I can hardly describe what I beheld upon my arrival. It was a very large space, with some of the items in rows, and but a large part of it, the part that interested me most, was the part where there were just big giant bins and trays and bushels filled with fresh fruits and vegetables. “This is absolutely amazing!” I said to my friend. She told me that we were in something called “a well-stocked produce department at a specialty grocery store,” and that California grew a large percentage of the world’s fruits and vegetables, much of it not far from here, in a place called the San Joaquin Valley.
I started to mouth these words then gasped. I was beginning to put two and two together. “Wait a minute,” I said, “does the San Joaquin Valley have anything to do with San Pablo Avenue?” She ignored this, but I was pretty sure I was on to something.
Back in my rented house, I was still struggling to come up with ideas. I heated some frozen peas and put them on a paper plate with a pad of margarine on top of them. I wrote “disgusting” on an index card and set it by the plate. Then I made some fresh peas (from the San Joaquin Valley/San Pablo Ave.) and put them in an earthenware bowl with some fresh creamery butter on top, and set in front of these another index card reading “Fresh/wonderful.” I stared at my creations, sensing I was at the edge of something really big that I didn’t for the life of me know how to crack wide open.
Just then, I noticed a bright stripe of sunshine on the wooden floor, and an instant later, my phone rang. My editor again. This time I answered breathlessly. “I know what I want to write about,” I said. “I want to write about how California is sunny. I mean it is way way sunnier than New York. Like way.”
“Ha!” he shouted. “I knew you’d come up with something! Funny story – at lunch, a colleague mentioned to me offhandedly that New York and the Bay Area were at totally different latitudes. So we were both figuring this out together. That’s how it works, Mark.”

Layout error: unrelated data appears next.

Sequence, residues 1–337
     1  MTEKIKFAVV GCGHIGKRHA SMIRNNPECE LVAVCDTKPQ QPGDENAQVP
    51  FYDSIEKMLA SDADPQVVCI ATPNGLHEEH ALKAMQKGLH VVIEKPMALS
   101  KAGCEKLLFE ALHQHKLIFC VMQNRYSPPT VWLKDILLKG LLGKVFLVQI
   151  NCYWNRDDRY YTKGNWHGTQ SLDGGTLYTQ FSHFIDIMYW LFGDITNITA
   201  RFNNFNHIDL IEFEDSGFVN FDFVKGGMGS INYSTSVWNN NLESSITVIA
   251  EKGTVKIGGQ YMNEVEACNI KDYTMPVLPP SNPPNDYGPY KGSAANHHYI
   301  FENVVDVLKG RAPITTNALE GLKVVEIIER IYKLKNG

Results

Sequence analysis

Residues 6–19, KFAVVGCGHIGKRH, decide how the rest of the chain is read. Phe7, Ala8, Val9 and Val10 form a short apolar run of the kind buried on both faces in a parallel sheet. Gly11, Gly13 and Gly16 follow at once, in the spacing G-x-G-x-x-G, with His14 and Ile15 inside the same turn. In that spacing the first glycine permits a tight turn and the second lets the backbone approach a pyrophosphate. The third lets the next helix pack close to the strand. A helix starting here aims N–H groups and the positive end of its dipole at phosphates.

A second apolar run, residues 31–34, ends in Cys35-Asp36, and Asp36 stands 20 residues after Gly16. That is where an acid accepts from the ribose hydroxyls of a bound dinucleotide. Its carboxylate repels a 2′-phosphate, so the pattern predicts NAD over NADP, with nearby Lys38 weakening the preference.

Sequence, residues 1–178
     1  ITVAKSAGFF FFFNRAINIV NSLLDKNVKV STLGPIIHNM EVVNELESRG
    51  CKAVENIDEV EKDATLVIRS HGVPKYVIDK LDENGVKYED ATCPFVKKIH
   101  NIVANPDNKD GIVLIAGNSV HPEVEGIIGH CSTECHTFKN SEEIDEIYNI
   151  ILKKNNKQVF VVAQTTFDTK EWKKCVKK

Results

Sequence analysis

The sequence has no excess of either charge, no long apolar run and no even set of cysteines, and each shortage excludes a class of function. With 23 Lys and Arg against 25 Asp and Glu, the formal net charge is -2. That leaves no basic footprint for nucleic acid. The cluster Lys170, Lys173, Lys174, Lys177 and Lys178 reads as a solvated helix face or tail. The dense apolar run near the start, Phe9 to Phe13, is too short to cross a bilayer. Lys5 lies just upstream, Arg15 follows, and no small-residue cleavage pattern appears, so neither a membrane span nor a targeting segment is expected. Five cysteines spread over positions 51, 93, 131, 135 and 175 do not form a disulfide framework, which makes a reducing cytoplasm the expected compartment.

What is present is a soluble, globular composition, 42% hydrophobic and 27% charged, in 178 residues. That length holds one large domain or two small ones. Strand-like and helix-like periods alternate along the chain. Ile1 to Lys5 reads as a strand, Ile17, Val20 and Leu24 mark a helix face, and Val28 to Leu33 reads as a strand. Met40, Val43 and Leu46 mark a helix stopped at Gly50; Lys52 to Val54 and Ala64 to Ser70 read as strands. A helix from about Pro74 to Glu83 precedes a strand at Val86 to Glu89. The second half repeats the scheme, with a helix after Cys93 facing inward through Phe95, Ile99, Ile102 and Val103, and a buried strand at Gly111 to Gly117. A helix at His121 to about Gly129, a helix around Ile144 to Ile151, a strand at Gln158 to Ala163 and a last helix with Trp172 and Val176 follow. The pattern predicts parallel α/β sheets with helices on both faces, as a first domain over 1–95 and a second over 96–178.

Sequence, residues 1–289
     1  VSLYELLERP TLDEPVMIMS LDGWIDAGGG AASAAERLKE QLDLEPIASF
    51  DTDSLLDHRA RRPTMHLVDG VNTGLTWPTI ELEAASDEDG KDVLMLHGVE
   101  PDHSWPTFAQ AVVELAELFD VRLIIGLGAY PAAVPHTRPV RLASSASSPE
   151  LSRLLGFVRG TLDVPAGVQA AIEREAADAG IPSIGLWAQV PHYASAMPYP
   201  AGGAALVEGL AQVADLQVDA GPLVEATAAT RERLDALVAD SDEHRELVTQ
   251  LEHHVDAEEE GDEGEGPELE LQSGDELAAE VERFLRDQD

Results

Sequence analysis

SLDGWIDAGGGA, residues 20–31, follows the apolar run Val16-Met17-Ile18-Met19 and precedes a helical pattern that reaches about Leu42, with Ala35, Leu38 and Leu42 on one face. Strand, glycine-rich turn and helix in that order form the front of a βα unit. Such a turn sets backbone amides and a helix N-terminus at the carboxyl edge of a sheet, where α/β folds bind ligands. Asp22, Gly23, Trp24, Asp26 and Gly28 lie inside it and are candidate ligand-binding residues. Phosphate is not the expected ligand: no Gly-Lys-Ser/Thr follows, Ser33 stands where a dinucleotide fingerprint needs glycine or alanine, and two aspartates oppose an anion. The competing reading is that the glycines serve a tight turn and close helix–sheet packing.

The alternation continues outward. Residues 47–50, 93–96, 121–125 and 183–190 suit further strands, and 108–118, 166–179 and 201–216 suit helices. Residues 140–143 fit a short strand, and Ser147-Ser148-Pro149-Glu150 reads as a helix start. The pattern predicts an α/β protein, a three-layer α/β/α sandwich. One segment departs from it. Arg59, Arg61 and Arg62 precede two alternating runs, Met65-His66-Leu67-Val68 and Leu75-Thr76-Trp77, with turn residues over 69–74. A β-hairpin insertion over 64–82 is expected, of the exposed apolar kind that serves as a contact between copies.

I was just opening my mouth to respond when I realized I was looking at the strangest thing I’d ever seen in all my life. “Bob,” I said, almost not trusting my own voice, “You’re not going to believe this, but there’s a lemon tree outside my window.”
He let out a low whistle. “Well, our readers will definitely want to hear about that,” he said. “Okay. I have to close out a story about people who make cakes out of sugar, butter, eggs, flour, salt, baking powder and baking soda. Keep me posted.”
Later on some of my new neighbors came over and we grilled a lot of vegetables. I explained to them how our bagels were better because of our water and they explained to me how in a year they were all going to die in a massive drought. I said if that did indeed come to pass I would come and rescue their beautiful tomatoes, and they all seemed very grateful.
When they left I saw a few of them casting shy glances at me. “Do you think we can have some of those lemons?” one finally piped up. I must have looked a little apprehensive, because they laughed and said, “Oh, don’t worry, Mr. Bittman. Even if we take some, they’ll grow back.” I wanted to say this sounded a little far-fetched to me, but then again, who after the day I’d had, who was I to doubt a miracle?